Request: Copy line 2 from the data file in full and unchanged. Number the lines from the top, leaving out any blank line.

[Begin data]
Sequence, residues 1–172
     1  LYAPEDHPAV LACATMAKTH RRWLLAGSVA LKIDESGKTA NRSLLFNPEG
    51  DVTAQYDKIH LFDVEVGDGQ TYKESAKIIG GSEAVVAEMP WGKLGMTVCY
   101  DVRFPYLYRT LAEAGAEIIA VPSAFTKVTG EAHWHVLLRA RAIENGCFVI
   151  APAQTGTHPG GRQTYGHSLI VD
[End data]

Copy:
     1  LYAPEDHPAV LACATMAKTH RRWLLAGSVA LKIDESGKTA NRSLLFNPEG